For Matthew and Sanford Siegal, the solution has been a clearly delineated division of duties. Matthew runs the retail side of Dr. Siegals Cookie Diet, a Miami company started by his dad, physician Sanford Siegal, and now expanding internationally. Sanford runs the product/manufacturing side. We use our skill sets to complement our business needs.
One of the big areas of conflict has been growth strategy. He has much bigger plans than I would have, explains Sanford. Im 83 years old and dont have grandiose plans. He wants to expand all over the world. I dont object, but I dont want to increase my role.
Mendoza points out the young generation, as is the case with Matthew, often are risk takers. The concern is whether they realize the business may be the sole financial security for older parents. The Siegals say they temper each other in this area. I will say this cant fail, Matthew says, My dad will say it can and it probably will. We meet somewhere in the middle. I could get into trouble if I didnt have him to put brakes on my exuberance. And, if not for my exuberance, he would put the brakes on everything.
Martin Luytjes, who teaches a family business class at Florida International University, says father-son businesses work best when each recognizes and appreciates what talent the other brings. There has to be a mutual sensitivity and trust. Theres another dynamic at play, too: Theres a need for a pat on the back from dad a son never outgrows at any age.
Patrick Range Jr. has been working alongside his father for the past five years. He gave up a prestigious position as a lawyer at Greenberg Traurig after his grandmother passed away in 2006 too much for my dad to run the business alone. I felt a responsibility to take an active role. The company, started by his grandfather, runs three funeral homes serving the black communities of Miami-Dade County.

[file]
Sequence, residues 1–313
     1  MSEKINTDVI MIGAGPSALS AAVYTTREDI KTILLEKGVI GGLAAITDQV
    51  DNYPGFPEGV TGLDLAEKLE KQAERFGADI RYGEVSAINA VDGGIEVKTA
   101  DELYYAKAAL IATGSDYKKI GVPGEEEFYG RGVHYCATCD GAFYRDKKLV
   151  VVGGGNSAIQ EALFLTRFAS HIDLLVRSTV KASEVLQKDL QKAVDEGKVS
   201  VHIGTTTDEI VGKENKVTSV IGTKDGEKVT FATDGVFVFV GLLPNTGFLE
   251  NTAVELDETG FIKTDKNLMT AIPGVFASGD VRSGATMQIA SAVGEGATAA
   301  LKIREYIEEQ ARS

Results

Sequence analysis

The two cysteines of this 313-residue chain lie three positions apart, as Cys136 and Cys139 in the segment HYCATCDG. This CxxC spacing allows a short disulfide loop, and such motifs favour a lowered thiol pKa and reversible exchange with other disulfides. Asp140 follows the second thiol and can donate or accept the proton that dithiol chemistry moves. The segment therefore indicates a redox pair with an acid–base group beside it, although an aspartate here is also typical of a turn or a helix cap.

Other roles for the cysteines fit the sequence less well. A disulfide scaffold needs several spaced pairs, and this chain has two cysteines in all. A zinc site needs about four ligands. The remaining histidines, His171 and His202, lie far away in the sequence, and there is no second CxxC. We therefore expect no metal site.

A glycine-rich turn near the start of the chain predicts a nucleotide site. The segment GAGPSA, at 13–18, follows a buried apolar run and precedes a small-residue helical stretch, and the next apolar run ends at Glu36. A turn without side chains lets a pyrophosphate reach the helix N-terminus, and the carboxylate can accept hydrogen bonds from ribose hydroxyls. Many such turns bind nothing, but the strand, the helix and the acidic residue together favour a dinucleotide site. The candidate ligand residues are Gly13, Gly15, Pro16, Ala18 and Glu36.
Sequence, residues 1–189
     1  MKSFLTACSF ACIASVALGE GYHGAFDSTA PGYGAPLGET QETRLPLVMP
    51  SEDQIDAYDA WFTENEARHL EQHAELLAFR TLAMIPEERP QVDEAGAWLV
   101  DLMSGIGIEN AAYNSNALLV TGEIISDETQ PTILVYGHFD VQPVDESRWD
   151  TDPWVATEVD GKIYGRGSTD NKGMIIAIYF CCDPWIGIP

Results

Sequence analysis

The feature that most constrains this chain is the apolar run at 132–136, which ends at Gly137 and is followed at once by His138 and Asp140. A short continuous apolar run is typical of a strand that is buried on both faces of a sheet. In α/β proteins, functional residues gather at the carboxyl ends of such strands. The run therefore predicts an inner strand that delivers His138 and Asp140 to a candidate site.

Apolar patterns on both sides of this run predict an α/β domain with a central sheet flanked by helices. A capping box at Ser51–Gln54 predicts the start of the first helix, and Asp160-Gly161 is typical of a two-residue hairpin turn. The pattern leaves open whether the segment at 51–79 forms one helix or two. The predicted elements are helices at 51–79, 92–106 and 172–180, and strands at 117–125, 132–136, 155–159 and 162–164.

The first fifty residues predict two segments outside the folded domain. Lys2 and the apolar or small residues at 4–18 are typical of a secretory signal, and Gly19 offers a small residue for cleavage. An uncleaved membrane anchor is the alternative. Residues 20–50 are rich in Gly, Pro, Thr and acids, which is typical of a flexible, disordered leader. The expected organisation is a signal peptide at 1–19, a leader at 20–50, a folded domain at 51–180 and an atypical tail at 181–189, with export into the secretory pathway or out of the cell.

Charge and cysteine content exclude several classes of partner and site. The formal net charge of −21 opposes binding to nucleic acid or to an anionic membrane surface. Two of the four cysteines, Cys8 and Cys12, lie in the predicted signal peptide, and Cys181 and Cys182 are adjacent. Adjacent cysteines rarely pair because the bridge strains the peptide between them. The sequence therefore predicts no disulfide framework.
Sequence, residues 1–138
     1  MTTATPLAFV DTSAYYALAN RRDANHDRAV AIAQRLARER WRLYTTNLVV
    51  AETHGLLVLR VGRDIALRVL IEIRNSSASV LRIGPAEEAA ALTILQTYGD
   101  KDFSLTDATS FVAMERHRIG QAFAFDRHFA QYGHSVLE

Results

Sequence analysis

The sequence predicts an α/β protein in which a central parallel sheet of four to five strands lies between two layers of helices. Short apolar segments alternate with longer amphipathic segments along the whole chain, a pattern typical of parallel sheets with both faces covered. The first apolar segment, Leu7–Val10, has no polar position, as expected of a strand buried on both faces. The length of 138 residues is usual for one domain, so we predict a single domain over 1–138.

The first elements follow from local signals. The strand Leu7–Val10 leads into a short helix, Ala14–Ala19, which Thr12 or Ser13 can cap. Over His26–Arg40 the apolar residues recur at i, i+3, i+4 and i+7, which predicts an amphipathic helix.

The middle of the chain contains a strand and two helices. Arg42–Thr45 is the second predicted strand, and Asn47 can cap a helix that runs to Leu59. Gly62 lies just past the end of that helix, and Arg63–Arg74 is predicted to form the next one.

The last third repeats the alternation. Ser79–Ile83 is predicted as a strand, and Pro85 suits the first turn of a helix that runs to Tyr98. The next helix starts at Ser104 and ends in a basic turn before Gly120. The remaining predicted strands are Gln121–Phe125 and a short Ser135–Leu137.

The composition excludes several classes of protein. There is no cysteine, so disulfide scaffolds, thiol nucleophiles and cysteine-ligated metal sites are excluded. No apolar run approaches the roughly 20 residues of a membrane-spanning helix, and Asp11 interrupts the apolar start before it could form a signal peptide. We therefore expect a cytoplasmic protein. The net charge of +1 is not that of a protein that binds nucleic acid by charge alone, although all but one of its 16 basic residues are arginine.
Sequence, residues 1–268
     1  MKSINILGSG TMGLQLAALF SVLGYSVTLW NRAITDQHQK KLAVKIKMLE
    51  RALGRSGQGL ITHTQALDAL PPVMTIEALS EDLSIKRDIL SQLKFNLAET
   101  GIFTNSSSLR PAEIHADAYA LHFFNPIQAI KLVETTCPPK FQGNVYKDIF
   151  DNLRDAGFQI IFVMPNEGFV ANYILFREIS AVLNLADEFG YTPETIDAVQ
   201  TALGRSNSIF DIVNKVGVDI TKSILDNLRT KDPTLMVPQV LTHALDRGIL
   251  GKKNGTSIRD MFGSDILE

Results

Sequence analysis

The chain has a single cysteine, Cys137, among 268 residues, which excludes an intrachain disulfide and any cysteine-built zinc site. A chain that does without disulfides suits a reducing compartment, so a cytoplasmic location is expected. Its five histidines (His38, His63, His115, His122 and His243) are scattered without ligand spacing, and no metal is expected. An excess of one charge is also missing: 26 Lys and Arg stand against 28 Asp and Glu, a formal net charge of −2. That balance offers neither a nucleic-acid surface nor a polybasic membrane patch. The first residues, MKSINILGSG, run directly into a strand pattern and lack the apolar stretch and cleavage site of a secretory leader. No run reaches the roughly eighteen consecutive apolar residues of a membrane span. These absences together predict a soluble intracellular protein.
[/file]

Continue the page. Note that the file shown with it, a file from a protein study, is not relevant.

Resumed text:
Patrick Jr., 35, says he has a different perspective than his 72-year-old dad: I understand the younger generation and what their needs are. Just last week, he helped a young woman plan a memorial service for her father. She was not interested in having a traditional service with the deceased present.
Initially, Patrick says his dad pushed back when he brought a different perspective to the decades old funeral business. Its taken some adjustment on both of our parts but weve learned when to back off and when to push. I think its benefitted the business.
Patrick says a huge challenge has been the struggle for work-life balance. This is an area where he has pushed hard to change his fathers mindset: Ive encourage him to realize you do not have to be at your desk to function in an efficient manner. Ive even forced him to take off one day a week.
A challenge that most dads face is the role reversal. Learning when to pipe up, when to stay quiet and when to keep fighting. Alberto Argudin, 59, says he never expected his son, Albert, 35, to join the company, A.D.A. Engineering in Doral. He now heads the construction management division. And although Alberto says he doesnt always agree with his sons style, he acknowledges it works. He is more into delegating. It has worked. He gets his work done and put in less hours.
In an economy where job demands are all-consuming for most workers, fathers and sons say they value their time together. I think it has changed our relationship says Albert, adding that working a 50- to 60-hour a week job and juggling his young children would have left him little time with dad.
Now, regardless of whats going on at their engineering firm, he and his dad eat lunch together at least four days a week. Talk about the business takes a back seat unless theres something pressing. Albert says over his 12 years at the engineering firm, the two make an extra effort keep work and personal differences from affecting their relationship: We might butt heads in our personal lives but Monday its business as usual.